On 28th October I sat in the waiting room of the Gynaecology department at my local hospital (alongside lots of pregnancy bellies) and I couldn’t sit still. I was incredibly nervous.I could feel my pulse pounding all over my body. My boyfriend of just over two years was sat next to me, holding my hand in one hand, and a book in another.
It didn’t take long for me to be called in for the initial weighing, height taking and blood pressure. All was normal (which is surprising, considering I normally have low blood pressure, but I put that down to the fact that I was feeling rather stressed in this instance!)
Then, I was ushered into another room. The lady asked me all sorts of personal questions about my menstrual cycle, my sex life and she asked me about the different contraception I’ve tried over the years.
I was quite surprised by the fact that she seemed shocked that my boyfriend of two years wasn’t keen on having a vasectomy – Apparently, when asking for a female sterilisation, the first thing they do is ask if your partner would be willing to undergo sterilisation instead (it’s less invasive than female sterilisation). The fact that he’s younger than me (only by 2 years, but still) and that we’re not yet married meant that I wasn’t willing to try and persuade my other half to make the life altering decision to undergo male sterilisation. After all, my quest to remain childfree has been MY quest since I was a young teenager. It’s not his responsibility or burden.
We moved on to discussing other reasons for sterilisation. As you are probably aware, I have Ehlers-Danlos Syndrome Hypermobility Type, which is a debilitating, degenerative and genetic connective tissue disorder. There have been reports (from specialists in the EDS field) that suggest a link between the Mirena Coil – which I currently have – and the worsening of EDS symptoms. I know for a fact that my EDS flares up during that time of the month and if I can have the option to go without any hormonal contraception, I would benefit from it; emotionally and physically. The lady doing my assessment was keen to refute the idea that the Coil could have any effect on my EDS but I held my ground. I made in clear that I wanted rid of all hormonal contraception, end of.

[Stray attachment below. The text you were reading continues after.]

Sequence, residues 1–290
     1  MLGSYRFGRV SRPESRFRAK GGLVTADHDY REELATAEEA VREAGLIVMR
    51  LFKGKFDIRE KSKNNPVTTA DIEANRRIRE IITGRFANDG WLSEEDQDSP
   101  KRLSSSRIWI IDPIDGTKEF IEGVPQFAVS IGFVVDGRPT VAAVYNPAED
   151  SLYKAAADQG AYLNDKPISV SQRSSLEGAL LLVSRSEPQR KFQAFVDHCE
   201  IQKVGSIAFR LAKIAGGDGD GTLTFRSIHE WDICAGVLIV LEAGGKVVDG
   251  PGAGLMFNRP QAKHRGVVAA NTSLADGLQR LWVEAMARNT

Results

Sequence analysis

She then went to another room to discuss this with the Consultant. 5 minutes later, the consultant came in, shook my hand and said she understood that I have Ehlers-Danlos Syndrome and asked me who else in my family has the condition. I explained that my sister and mother are both hypermobile, as were my Grandmas on both sides of my parents. She explained that she understood that EDS is an autosomal dominant condition and was happy to give me the go ahead for female sterilisation.
I couldn’t believe it, I grinned from ear to ear. I said thank you very much, and she left the room. It was then down to the other lady to go through all the paperwork with me and explain what’s going to happen next.
It was explained to me that there are some risks associated with a Tubal Occlusion and they are: possible perforating/damage to the inner organs during surgery, infection, failure rates and so on. I am due to undergo a Tubal Occlusion using the clipping method which has a failure rate of 1 in 200 which doesn’t sound too great, but as we all know, abstinence is the only way to stay 100% pregnancy free, unfortunately!
But, this was all worth it, to me. Knowing I won’t have any other hormones in my system other than my own, is worth the risk.
I signed the consent form there and then, and even underwent a surgical pre-assessment – bloods and a medical history were taken and I was told that as I don’t work, I may be asked to attend surgery at short notice, which is absolutely fine with me! The sooner the better really.
So that was my (surprisingly short and easy) experience with being referred to Gynaecology for female sterilisation.
I feel I must add my own thoughts.
Firstly, if there is anyone else out there that is young, childless and absolutely sure that they don’t want children and would like to be sterilised on the NHS, I would absolutely recommend talking to your GP about it. My own GP refused to refer me, so I got a second opinion from another GP who, when pressed, put me forward for it.
Unfortunately, with the country and the NHS in the state it’s in, we now have to fight for treatment. We have to put our case forward and fight to be taken seriously. But, the funding is out there for female sterilisation – you just have to make a case for yourself.
I went to my GP fully armed with information on the NICE guidelines for female sterilisation, articles on my genetic condition and articles on other young women being sterilised on the NHS. (If you’re not aware of a young woman named Holly Brockwell, look her up – she has been an inspiration to me, in my quest for sterilisation). Holly fought for four years to be sterilised on the NHS and she had never even had a coil fitted (unlike me, who had to undergo every type of contraception before being taken seriously!) so if Holly and I can be heard, then there’s no reason why you shouldn’t be heard too.
Being childfree is a choice that we all have a right to make. If you don’t want children, that’s entirely up to you and no one should make you feel bad for your own lifestyle choices. Be proud of the life you lead and stand by it. If you’re at all unsure and think you may want children someday…. sterilisation is definitely not for you. It’s a big decision that requires years of thought and you must be absolutely sure.
I’ve never been more sure.
Stay tuned; I will be updating this blog every step of the way and as soon as I get a surgery date, I will let you all know x